Coping with grief and loss

Better minds better living with Dr. Yansie Rolston Monday, June 19 2017

WE ALL know that people die, yet when it happens to a loved one, even if the person’s demise was expected the grief still has a profound impact causing considerable pain.

In preparing to write this article I decided to start noting down the ways in which I dealt with coming to terms with the loss of my father –Alva who passed away in October.

The process was no easy feat because even though my profession requires that I keep up-to-date with scientific research and studies on the subject, and undergo regular refresher training, I am not immune to the effects of grief.

In anticipation of shedding few tears I armed myself with a tissue but soon realised that I was kidding myself – one tissue was not going to be enough to quell the floodgates because my grief is still raw.

Grief is one of those complicated all encompassing feelings that takes on a life of its own with a gamut of emotions and processing stages, but it is a natural response to losing someone or something important.

There are five common stages of grief:

Denial – which is a defence mechanism to cope the initial overwhelming emotional turmoil

Anger – feelings of frustration that the person has left you

Negotiation – questioning if there was anything you could have done to prevent the loss

Sadness – a sense of loss and/or loneliness

Acceptance – feeling sad but with the ability to accept the reality and move on with life But grief is subjective –I am a true Brit when it comes to coping with loss so my natural tendency is to maintain a stiff upper lip and react in a controlled way. But everyone’s response is unique so there are those who lash out in anger or others who will become introverted.

Grief is therefore deeply personal varying in type, severity, duration and responses. For example, in circumstances where a person is still alive in body but not in mind and the situation does not provide a space for closure of a loss, it is possible to experience ambiguous grief due to the unresolved loss.

There can be situations where people experience Complicated Grief Disorder also known as traumatic, prolonged or chronic grief. This can be accompanied by depression, anxiety and PTSD (post-traumatic stress disorder), and some people also experience intrusive thoughts, suicidal ideation, helplessness and hopelessness, and may try to numb their pain by embarking on damaging behaviours such as excessive working, overeating or dependency to and misuse of substances.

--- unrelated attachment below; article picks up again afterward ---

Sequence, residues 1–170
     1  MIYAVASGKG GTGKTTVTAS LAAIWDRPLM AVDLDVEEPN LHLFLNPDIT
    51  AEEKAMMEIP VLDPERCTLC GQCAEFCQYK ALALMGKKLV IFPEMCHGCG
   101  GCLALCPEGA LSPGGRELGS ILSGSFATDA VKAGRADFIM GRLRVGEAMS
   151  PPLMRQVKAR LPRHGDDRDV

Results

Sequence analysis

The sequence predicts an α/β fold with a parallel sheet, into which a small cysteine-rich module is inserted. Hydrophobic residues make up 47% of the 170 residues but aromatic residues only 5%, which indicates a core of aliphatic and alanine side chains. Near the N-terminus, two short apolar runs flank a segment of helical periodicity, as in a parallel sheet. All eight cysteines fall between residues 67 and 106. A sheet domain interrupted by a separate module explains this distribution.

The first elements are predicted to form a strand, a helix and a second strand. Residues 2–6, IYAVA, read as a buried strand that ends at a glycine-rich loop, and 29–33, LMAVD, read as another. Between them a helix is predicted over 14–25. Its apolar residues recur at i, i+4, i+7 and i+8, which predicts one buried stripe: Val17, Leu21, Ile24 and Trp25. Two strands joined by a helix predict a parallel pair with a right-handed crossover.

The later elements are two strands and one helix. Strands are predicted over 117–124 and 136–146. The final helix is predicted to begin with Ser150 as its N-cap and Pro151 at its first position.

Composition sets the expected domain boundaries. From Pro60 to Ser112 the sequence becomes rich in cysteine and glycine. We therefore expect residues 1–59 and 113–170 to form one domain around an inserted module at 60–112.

Though grief can take a toll on both emotional and physical well-being, there is no right or wrong way to grief or a usual amount of time in which to go through the process. It all depends on the individual’s personality, circumstances, belief, and support available. For example, a person’s grief can be intensified and sustained over a long period of time if they have underlying health complications.

Grief has a tendency to create feelings of vulnerability and anxiety and one of the most natural reactions will be avoidance – whether it is to places, situations or social contact but the knock-on effect is that the isolation will exacerbate and prolong the state of grief.

Coping with grief and loss is for the most part about managing the practicalities of day-to-day life while dealing with the emotions, which can be easier said than done, especially given all the other pressures in life. So, the importance is to seek out coping strategies to help with the loss and adjust to any changes that may have occurred. Journalling, talking, meditating, exercising, eating healthy, keeping hydrated, forging and maintaining meaningful relationships, and giving yourself permission to go through the grieving process can prove to be useful.

To quote Rose Fitzgerard Kennedy: “It has been said, time heals all wounds. I do not agree.

The wounds remain. In time, the mind protecting its sanity, covers them with scar tissue and the pain lessens. But it never goes.” Remember that with time the sun will shine again.

Dr Yansie Rolston FRSA is a UK-based disability and mental health specialist advisor. She is a social strategist and trainer who works internationally at various levels of government, business and civil society. Contact her at

Why not share! These icons link to social bookmarking sites where readers can share and discover new web pages.
  • LinkedIn
  • Twitter
  • Facebook
  • MySpace
  • Digg
  • StumbleUpon
  • Reddit
  • Google Bookmarks
  • Print

Leave a Reply

Your email address will not be published. Required fields are marked *